LONDON: An investigation has found that a few of the women who were evacuated from Afghanistan to the UK may not have been the elite football players they claimed to be.


Two months after the fall of Afghanistan to the Taliban, in November 2021, 35 women who had been part of the Afghan national women’s team and an additional 95 relatives fled to the UK.

It has since been discovered through a BBC investigation that as many as 13 players who claimed to be on the national team may have lied on their visa applications, which were all ultimately granted by the Home Office.

Players who claimed to be from the Herat youth team in Afghanistan have been accused of making these claims. Former coach Najibullah Nowroozi stated on the BBC show “Newsnight” that “I have seen people in the list (of evacuees) who have not even worn a football strip in Herat.”

Sabriah Nawrouzi, captain of the national team, claimed that while waiting to be evacuated from Pakistan, she finally met some of the people she had been told were her teammates.

Nawrouzi said, “because one team couldn’t play football,” she had to split the group into two when they arrived in the UK.

There is resentment among other professional female footballers who were unable to flee the country because some may have lied about their abilities to secure safe passage. The Taliban banned female participation in sport after it retook power in Afghanistan.

A female footballer who is still in Afghanistan and who spoke anonymously to the BBC said, “The Taliban have banned sports for women and girls. In Afghanistan, we have been abandoned and have no hope for the future. The fact that we, and not some of those who got evacuated, are the real players, makes me feel very neglected and sad.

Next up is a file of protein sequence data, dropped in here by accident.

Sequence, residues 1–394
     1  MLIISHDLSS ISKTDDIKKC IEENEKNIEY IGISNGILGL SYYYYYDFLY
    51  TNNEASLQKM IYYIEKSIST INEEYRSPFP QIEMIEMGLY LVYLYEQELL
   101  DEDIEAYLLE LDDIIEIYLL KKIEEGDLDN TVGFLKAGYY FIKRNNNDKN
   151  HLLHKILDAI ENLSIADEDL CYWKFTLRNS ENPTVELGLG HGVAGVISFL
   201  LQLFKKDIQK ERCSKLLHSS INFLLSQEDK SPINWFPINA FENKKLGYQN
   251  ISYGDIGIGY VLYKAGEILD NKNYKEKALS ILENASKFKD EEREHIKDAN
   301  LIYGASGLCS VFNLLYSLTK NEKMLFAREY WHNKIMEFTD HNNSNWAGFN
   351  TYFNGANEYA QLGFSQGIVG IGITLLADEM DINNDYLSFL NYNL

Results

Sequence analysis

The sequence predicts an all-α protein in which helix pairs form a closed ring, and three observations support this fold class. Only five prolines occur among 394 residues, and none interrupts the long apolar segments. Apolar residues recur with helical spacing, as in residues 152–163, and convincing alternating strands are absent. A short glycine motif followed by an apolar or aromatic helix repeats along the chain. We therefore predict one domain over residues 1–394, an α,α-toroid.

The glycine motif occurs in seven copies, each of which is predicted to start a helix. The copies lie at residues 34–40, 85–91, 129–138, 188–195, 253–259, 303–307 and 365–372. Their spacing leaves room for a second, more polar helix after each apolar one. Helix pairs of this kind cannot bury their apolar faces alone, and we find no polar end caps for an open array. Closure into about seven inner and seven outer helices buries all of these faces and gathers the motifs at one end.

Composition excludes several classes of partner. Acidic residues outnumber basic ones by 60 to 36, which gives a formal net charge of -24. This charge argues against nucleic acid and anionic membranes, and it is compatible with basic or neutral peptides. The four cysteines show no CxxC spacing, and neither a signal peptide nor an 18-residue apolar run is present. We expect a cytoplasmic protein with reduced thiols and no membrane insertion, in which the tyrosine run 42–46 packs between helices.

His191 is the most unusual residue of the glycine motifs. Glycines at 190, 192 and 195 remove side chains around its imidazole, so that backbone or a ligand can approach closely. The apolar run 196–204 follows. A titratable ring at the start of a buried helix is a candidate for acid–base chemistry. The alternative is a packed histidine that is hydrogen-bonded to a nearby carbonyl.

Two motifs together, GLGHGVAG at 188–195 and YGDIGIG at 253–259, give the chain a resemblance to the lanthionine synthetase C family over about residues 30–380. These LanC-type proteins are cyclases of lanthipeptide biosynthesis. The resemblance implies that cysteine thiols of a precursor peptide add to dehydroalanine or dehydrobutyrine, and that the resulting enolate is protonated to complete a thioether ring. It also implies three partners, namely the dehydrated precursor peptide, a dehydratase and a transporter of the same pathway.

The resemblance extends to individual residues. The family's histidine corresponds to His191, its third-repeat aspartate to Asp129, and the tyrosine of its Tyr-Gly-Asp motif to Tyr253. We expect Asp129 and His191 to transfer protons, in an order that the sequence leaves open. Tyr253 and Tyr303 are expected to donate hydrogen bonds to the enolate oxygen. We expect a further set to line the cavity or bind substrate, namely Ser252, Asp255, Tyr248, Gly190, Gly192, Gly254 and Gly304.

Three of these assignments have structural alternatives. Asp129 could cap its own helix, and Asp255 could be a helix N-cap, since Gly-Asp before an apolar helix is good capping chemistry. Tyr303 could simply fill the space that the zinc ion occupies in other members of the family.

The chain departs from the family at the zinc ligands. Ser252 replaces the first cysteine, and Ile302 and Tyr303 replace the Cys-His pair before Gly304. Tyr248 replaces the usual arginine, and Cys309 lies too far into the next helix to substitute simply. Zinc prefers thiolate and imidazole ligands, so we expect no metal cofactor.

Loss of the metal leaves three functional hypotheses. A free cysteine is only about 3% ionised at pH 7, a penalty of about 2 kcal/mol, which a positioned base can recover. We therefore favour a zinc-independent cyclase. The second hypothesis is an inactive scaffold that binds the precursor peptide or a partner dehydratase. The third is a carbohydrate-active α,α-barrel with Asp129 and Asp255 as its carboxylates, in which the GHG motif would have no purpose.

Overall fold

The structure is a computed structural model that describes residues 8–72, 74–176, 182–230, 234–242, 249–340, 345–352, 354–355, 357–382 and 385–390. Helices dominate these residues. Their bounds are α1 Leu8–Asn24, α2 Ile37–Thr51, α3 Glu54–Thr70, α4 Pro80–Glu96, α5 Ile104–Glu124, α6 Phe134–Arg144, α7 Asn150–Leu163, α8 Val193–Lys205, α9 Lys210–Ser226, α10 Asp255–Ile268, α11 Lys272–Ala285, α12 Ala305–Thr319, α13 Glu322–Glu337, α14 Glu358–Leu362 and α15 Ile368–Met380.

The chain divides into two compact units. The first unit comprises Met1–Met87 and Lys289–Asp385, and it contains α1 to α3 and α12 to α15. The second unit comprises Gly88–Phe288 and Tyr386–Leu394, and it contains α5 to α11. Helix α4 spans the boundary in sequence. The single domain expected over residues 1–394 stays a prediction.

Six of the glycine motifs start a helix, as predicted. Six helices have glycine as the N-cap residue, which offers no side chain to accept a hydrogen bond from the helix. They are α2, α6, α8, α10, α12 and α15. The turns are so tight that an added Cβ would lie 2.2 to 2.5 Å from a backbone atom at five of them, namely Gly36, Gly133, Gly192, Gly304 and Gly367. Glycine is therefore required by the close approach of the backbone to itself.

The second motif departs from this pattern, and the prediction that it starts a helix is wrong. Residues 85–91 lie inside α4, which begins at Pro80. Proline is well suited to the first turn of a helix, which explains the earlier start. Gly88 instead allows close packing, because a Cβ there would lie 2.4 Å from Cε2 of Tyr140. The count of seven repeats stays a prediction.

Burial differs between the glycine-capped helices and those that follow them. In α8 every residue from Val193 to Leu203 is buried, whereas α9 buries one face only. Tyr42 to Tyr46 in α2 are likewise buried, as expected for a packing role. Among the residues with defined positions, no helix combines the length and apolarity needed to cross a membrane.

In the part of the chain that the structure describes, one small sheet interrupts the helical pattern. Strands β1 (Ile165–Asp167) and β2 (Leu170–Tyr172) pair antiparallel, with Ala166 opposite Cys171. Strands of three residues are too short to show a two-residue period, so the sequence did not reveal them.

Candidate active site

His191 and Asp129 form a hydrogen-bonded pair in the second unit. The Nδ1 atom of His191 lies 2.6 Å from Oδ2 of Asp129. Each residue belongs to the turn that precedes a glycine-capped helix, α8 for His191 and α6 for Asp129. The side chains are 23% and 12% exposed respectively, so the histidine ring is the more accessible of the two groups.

A campaigner named Siu Anne Gill, whose Rokit Foundation helped with the evacuation, said that the Home Office had faith in the credentials provided by former Afghan national team player Khalida Popal.

“Khalida Popal personally had been including more names and more names and more names,” Gill said to the BBC. To which Khalida responded, “No, we didn’t check that they were footballers.” She agreed that “yes, they are definitely footballers.”

Popal, who is in charge of a group called Girl Power, issued a statement to the BBC in which she denied the allegations made against her. Any claim that I played a formal role in verifying and/or knowingly misleading anyone about the identities of those evacuated is false, and I have repeatedly provided extensive evidence and explanations for why this is so.

According to a statement released by the Home Office, the Taliban posed a threat to these women and girls because of their passion for football. Bringing the Afghan Girls Development Squad and their families to safety in the United Kingdom is something we can be proud of.

To that end, we conducted security checks and collaborated with a number of organizations that identified and referred the group to us,” the spokesperson elaborated. The Home Office will conduct an investigation if there is evidence that the information given was false.